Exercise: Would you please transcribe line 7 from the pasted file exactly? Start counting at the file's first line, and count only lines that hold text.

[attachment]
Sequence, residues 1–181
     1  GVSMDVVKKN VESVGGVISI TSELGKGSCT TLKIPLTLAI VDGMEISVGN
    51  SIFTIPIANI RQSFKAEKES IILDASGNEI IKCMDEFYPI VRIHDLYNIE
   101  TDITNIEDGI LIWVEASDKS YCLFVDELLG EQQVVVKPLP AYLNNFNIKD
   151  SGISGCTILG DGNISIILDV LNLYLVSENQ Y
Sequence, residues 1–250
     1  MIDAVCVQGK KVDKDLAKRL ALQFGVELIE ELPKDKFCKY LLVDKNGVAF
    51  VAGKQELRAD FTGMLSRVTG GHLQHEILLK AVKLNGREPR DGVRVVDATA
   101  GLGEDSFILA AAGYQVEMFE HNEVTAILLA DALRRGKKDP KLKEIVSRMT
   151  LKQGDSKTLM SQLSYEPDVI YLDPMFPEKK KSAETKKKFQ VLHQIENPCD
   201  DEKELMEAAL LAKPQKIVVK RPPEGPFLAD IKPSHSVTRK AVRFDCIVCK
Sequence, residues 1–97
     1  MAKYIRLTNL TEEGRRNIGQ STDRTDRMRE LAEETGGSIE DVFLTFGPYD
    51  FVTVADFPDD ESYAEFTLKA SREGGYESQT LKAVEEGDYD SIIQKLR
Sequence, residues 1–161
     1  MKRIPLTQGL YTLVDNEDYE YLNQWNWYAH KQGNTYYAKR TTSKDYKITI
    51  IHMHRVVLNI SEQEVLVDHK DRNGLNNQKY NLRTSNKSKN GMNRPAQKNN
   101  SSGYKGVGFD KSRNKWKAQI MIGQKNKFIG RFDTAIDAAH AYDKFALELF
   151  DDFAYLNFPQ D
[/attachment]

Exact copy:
     1  MIDAVCVQGK KVDKDLAKRL ALQFGVELIE ELPKDKFCKY LLVDKNGVAF